KN Names Assets to be Sold, Reports Loss for 2Q
KN Energy has been cleaning house and started a corporate yard
sale yesterday with tags on everything but the kitchen sink.
Although it wouldn't estimate the total value of the assets being
sold, the list is long and encompasses properties and assets in
nearly every division of KN's operations.
It includes the Midcon Texas Pipeline system, which is a large
Texas Gulf Coast intrastate that transported 611 trillion Btu of
gas last year; the Wattenberg Gathering and Processing operations
in Colorado; its retail energy and services operations under
en*able and Orcom, which together hold about 10 agreements with
utilities representing about three million potential customers; KN
Field Services and Compressor Pump & Engine; all of KN's
operations in Mexico, including the Monterrey Pipeline, the
distribution system in Hermosillo and the Igasmex marketing
partnership interest; and certain West Texas transmission assets.
The partial gutting of the company represents an attempt by the
board to partially recover financially before its merger with
Kinder Morgan is completed later this year. KN's second quarter
financial results illustrate the need. The company reported a $2.4
million net loss ($0.04/share) compared to $16.7 million in net
income ($0.24/share) in 2Q98. It reported a $0.22 operating loss
per diluted common share from ongoing operations. The loss was
partially offset by the sale of interests in the HIOS and UTOS
offshore pipeline systems and the reimbursement of costs related to
the terminated merger with Sempra Energy, which contributed
earnings per diluted common share of $0.15 and $0.03, respectively.
Upstream gathering and processing showed a return to positive
operating income for the first time since the fourth quarter of
1997. But operating income from midstream transportation and
storage operations was down $26 million from 2Q98 to $65.6 million.
And downstream retail and marketing took a major hit with an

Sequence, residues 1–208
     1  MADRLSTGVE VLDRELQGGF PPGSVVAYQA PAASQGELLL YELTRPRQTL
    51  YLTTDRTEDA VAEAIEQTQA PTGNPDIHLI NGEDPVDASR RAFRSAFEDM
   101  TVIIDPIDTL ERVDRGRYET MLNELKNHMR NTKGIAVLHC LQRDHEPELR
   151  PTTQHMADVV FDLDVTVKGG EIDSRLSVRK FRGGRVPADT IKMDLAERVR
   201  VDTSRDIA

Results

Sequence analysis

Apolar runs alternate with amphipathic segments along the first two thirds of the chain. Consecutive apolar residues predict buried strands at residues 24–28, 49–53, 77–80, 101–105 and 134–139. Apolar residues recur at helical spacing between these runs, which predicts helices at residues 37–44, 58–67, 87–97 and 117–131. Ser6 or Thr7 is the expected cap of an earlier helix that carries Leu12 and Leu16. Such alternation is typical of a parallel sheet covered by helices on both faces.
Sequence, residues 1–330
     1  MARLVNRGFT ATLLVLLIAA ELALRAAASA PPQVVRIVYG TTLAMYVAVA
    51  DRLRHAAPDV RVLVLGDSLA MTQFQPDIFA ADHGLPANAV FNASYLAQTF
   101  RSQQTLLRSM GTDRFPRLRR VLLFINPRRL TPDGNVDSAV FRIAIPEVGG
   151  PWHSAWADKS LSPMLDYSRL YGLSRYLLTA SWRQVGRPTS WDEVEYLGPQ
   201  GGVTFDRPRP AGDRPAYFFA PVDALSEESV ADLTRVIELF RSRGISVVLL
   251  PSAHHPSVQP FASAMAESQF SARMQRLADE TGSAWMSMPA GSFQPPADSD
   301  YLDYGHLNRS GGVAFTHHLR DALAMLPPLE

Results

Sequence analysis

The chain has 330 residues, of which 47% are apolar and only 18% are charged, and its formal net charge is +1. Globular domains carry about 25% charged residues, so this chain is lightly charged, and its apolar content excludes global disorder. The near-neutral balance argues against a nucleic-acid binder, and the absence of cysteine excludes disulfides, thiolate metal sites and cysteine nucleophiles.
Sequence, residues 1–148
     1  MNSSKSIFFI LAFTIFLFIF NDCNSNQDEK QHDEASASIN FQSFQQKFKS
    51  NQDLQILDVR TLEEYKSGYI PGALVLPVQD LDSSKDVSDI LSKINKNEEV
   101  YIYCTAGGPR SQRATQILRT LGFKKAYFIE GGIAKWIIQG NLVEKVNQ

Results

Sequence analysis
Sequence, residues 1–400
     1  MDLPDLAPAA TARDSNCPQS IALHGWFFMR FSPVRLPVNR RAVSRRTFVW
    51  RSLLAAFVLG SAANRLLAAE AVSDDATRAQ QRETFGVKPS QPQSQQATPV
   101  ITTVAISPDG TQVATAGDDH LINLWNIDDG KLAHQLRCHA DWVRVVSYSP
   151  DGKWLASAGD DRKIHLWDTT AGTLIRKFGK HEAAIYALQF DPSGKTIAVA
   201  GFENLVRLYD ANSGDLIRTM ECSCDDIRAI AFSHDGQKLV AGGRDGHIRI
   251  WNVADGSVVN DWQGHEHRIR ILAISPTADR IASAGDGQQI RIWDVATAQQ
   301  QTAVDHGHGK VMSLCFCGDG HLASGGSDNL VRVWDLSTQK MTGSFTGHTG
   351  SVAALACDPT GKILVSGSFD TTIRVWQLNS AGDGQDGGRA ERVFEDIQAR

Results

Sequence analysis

operating loss of $16.7 million compared to operating income of
$5.6 million for the same period in 1998. The loss resulted
primarily from reduced margins on capacity held by KN's commodity
marketing group on the Pony Express Pipeline, the company said.
Additionally, en*able's loss during the quarter was $2.5 million
greater than its loss in 1998.
In addition to the asset sales, KN announced continued changes
in top management positions. Along with former CEO Larry Hall, who
left suddenly when the $830 million Kinder Morgan merger was
announced last month, the following executives have left the
company: CFO Clyde McKenzie; Mort Aaronson, chief marketing officer
and president and COO of KN Services and en*able; and John DiNardo,
executive vice president of KN Gas Gathering.
"We have started to execute our previously stated strategy to
return to profitability, reduce our debt load and strengthen our
management team," said interim Chairman and CEO Stewart Bliss.
"These actions include identification of non-strategic assets for
divestiture, corporate reorganization and cost reductions. Moving
forward, we will remain focused on customers, shareholder value and
building a dynamic management team."
On the positive side, KN noted several projects that could help
pull the company out of its current ditch, including the Thunder
Creek Gas Services joint venture with Devon Energy in Wyoming's
Powder River Basin, the proposed Horizon Pipeline from Chicago to
southern Wisconsin, recent marketing deals with power plants in
Illinois and new power projects in Colorado.
KN's stock price gained ground slightly following the
announcements to end the day up 2.83% at $20.44/share. That
compares to a 52-week low in June of nearly $12/share.
©Copyright 1999 Intelligence Press Inc. All rights reserved. The
preceding news report may not be republished or redistributed, in
whole or in part, in any form, without prior written consent of
Intelligence Press, Inc.